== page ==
Unfortunately, I did not find this out until I had arrived at Columbia University Medical School. My surgery was already scheduled. I must say, to that point in my life it was the most terrifying experience in my life; I was too sure, in my infinite wisdom of 20 years, of my immortality to be nearly so scared when I actually had the first tumor removed. Trying to protect my wife from my terror did nothing whatsoever to strengthen our faltering relationship. What’s more, I had the ordeal of my oral exams for my Ph. D. in philosophy approaching. I was exhausted in every way possible to the human species: mental, physical, emotional. Sorrow had robbed me of a large part of the passion for what I was doing. But for all that, one thing remained certain: I was and remain a philosopher.

It never has and never will matter what my avocation is. I am a philosopher and writer, an inveterate paradox machine. My worldly possessions are few—about thirty boxes of books that I could stuff into my car as I left my place of study—but, just as I had to have those books, I must have my mind. My mind educated at significant expense, both financial and personal. As I said, my body is just a vehicle to serve for the deliverance of this gray mass, the mandate of thoughts transmitting themselves only metaphysically. Therefore, the foci of my existence, having slowed down enough to ponder what must have presented as an infinite number of unsavory outcomes, followed by the very specific possibility of having a border collie consume me, went on a mad intoxicated tear like a devotee of Dionysus. Following which, cruelty of cruelties, it went on a vacation, from which it may never have returned as far as I knew.

In fact, it was quite some time before I could reliably recall numbers that I have known for years, my entire life in certain cases. What’s more, I developed a case of what is called nominal aphasia, meaning that I could not identify the names of everyday objects, nouns: dog, phone, keys, child. Again, these are average everyday things with which I have been familiar for over 35 years. It is incredibly frustrating to be in the middle of a conversation and suddenly not be able to recall a noun as simple as “keys”. I spent weeks getting stuck in the middle of conversations and flapping my hands, smacking my forehead, trying to get the other person to figure out what I am trying to say from the context of the conversation, and often, finally saying, “I have no clue what the thing that I am talking about is called. This is a condition that still affects me to a certain extent. Of course, any time I have a seizure—there have been 8 to 10 since that first one—the problem is exacerbated. I must admit that not knowing whether or not the next seizure may or may not have some permanent, ontologico-intellectual transformative effect is one of the terrors of my existence.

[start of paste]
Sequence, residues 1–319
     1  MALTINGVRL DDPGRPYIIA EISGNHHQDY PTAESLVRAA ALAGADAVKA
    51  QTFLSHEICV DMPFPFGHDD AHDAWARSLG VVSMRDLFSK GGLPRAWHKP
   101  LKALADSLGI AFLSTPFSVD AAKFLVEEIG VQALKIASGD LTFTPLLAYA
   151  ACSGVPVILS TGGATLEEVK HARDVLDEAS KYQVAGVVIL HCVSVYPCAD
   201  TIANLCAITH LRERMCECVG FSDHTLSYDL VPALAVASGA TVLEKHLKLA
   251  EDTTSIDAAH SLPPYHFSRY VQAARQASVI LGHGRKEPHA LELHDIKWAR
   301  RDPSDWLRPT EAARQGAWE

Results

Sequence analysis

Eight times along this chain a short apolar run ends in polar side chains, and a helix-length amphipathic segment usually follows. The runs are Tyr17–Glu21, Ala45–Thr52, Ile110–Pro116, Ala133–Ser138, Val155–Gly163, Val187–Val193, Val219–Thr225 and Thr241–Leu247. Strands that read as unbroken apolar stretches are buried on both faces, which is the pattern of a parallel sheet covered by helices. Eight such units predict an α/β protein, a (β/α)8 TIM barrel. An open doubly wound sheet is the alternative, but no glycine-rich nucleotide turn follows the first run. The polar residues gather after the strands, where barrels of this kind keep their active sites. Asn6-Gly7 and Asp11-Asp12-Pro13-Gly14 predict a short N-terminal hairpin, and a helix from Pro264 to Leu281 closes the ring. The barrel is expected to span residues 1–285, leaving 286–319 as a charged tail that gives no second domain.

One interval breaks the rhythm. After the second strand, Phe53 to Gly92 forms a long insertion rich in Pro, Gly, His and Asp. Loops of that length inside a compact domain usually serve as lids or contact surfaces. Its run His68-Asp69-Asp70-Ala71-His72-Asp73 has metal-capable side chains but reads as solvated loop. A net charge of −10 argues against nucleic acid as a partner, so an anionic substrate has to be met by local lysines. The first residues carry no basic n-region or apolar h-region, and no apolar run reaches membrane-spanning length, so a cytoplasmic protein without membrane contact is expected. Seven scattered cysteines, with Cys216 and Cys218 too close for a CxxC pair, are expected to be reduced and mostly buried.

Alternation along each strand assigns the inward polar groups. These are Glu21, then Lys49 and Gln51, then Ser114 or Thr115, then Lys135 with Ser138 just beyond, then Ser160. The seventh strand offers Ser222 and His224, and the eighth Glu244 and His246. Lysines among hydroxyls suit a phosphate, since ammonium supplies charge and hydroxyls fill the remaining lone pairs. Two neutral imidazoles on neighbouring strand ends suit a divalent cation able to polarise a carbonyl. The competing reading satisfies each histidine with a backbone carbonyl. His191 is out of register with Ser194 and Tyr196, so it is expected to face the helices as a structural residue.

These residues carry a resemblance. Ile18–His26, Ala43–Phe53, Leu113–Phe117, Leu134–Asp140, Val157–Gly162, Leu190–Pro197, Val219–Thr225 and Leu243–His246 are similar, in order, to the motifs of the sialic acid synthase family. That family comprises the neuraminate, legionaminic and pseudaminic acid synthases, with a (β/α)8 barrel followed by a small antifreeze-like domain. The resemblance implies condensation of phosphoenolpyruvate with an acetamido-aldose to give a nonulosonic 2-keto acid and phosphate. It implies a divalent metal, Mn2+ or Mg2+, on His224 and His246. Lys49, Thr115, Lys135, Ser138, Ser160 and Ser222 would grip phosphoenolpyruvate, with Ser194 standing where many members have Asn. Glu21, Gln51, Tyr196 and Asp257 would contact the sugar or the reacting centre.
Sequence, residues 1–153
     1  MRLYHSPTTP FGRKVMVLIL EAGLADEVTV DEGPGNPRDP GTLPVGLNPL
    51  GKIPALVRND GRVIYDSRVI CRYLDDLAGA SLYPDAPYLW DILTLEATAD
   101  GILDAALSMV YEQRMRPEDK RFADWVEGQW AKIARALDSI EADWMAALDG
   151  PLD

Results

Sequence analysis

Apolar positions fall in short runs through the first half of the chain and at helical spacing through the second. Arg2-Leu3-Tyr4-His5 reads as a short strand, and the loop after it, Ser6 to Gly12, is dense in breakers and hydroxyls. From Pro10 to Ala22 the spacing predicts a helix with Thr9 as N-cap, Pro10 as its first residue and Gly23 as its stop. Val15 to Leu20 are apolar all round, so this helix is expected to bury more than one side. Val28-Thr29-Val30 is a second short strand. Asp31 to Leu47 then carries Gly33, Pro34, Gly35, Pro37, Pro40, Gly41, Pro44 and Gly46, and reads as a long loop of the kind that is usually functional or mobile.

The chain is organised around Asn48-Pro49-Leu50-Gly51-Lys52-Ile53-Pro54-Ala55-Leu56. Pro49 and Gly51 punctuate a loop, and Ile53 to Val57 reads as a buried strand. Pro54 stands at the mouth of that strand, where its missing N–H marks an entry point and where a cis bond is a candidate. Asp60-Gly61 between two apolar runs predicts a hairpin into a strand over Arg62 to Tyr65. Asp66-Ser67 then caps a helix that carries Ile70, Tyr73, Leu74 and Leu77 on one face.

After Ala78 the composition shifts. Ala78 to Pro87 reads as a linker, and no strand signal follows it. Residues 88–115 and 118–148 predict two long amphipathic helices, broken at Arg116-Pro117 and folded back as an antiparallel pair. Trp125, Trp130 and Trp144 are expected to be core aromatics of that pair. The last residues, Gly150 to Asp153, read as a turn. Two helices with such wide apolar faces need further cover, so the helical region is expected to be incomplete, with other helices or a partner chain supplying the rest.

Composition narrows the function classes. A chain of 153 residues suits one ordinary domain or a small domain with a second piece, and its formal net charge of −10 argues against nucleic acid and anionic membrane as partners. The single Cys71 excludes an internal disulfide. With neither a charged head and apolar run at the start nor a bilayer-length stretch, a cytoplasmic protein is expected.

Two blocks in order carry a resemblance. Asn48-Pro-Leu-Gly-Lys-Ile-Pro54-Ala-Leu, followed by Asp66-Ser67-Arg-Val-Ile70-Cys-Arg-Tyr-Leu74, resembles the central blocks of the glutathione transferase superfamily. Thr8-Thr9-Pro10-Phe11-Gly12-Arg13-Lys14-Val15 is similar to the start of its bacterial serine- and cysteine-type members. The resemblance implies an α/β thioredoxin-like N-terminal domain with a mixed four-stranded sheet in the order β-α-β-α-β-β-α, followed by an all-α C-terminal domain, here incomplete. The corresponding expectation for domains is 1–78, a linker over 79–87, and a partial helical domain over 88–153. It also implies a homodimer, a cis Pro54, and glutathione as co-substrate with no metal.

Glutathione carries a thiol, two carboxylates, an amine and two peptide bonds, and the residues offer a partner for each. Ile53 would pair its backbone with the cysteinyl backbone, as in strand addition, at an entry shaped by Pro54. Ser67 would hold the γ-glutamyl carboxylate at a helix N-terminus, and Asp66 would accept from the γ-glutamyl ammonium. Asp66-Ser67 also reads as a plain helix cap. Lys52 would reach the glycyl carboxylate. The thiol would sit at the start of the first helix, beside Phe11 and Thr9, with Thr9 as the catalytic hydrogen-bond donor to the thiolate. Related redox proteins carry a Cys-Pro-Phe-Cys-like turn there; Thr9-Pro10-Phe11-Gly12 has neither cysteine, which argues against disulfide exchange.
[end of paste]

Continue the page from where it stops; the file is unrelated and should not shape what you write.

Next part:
Let’s be clear about this, I don’t fear the answers, be what they may regarding this condition, loosely called epilepsy. Indeed, answers, any answers, would constitute a substantial relief. What is terrifying, in the most existentially profound sense of this term, is the unconditional lack of any of the quotidian certainties by which we negotiate our lives. Following a seizure, I feel as if I have been thrown into an ontological limbo, a place populated by question marks, as if the universe had appropriated the uniform of the Riddler. I am confronted by a black background filled with green question marks whenever I close my eyes.

It strikes me now that this is the menace of which I have been aware since the time of my first articulations, since I said my first word, “book”. I never feared the monster under the bed. The perpetual fuel of my anxiety, from the slightest sense that something is awry to the full-blown knowledge that, to return to a familiar metaphor, I will not come out of the skid, is this space of unimaginably oppressive uncertainty, which periodically overtakes me. The fraction of a second between realization and impact does not share the quality of being haunted by fear of the impact itself. I don’t cry out because of the knowledge that I will crash into the tree. No, the defining characteristic of fear is the inability to answer. Fear is the interminable question. Terror is exemplified graphically by this seemingly innocuous mark, this “?”. Doctor, is there any hope, a treatment if not a cure, a regimen of palliative care? Can you remove this mark that dominates my existence? Have you considered a lobotomy? I will donate my prefrontal cortex to science: right now!

There is not a single problem in the world that could not be remedied in the following simple manner: eliminate the question. We live under a totalitarian regime of the interrogatory. One can even see the peril represented by the question; it is represented graphically in its very structure. To swallow a period? Easy, like aspirin. An exclamation point? Somewhat more intimidating, until you think of a tablet of acetaminophen, hell combine it with the aspirin and there you go. But a question mark? Questions cannot be assimilated so easily, even if you can get it started down the proper canal it is sure to snag its insidious hook onto something, the tiny hairs lining the stomach, if you are lucky. There are, after all, worse places for it to stick.

We may even be so bold as to assert that the question is the God of all fundamentalisms, of all “isms” whatsoever, not to mention the “ologies” and “ics”, which have haunted our world. Indeed, perhaps it is this, which has so hollowed out the soul of the fragmented, postmodern individual.